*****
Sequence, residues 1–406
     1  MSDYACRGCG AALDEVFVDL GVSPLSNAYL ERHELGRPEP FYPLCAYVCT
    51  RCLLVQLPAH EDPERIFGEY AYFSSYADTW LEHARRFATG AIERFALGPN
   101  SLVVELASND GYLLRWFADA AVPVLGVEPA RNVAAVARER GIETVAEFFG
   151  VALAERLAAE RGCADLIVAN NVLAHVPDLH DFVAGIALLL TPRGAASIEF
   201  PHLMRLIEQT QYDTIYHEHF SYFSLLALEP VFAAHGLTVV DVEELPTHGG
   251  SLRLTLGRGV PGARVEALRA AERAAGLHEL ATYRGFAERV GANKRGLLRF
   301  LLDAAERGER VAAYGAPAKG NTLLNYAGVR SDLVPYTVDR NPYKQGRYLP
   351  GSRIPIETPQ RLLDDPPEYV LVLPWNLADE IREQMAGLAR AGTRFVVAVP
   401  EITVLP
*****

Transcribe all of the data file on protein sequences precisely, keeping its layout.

Sequence, residues 1–406
     1  MSDYACRGCG AALDEVFVDL GVSPLSNAYL ERHELGRPEP FYPLCAYVCT
    51  RCLLVQLPAH EDPERIFGEY AYFSSYADTW LEHARRFATG AIERFALGPN
   101  SLVVELASND GYLLRWFADA AVPVLGVEPA RNVAAVARER GIETVAEFFG
   151  VALAERLAAE RGCADLIVAN NVLAHVPDLH DFVAGIALLL TPRGAASIEF
   201  PHLMRLIEQT QYDTIYHEHF SYFSLLALEP VFAAHGLTVV DVEELPTHGG
   251  SLRLTLGRGV PGARVEALRA AERAAGLHEL ATYRGFAERV GANKRGLLRF
   301  LLDAAERGER VAAYGAPAKG NTLLNYAGVR SDLVPYTVDR NPYKQGRYLP
   351  GSRIPIETPQ RLLDDPPEYV LVLPWNLADE IREQMAGLAR AGTRFVVAVP
   401  EITVLP